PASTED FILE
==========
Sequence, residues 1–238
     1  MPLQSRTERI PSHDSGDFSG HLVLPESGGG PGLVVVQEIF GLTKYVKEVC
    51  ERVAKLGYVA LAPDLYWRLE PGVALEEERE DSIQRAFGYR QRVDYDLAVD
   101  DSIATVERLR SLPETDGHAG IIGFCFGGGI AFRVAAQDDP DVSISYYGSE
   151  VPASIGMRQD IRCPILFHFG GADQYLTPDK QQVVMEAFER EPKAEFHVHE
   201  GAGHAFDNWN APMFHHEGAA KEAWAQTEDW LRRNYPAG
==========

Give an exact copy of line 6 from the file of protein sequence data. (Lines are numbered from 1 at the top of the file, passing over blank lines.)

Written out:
   201  GAGHAFDNWN APMFHHEGAA KEAWAQTEDW LRRNYPAG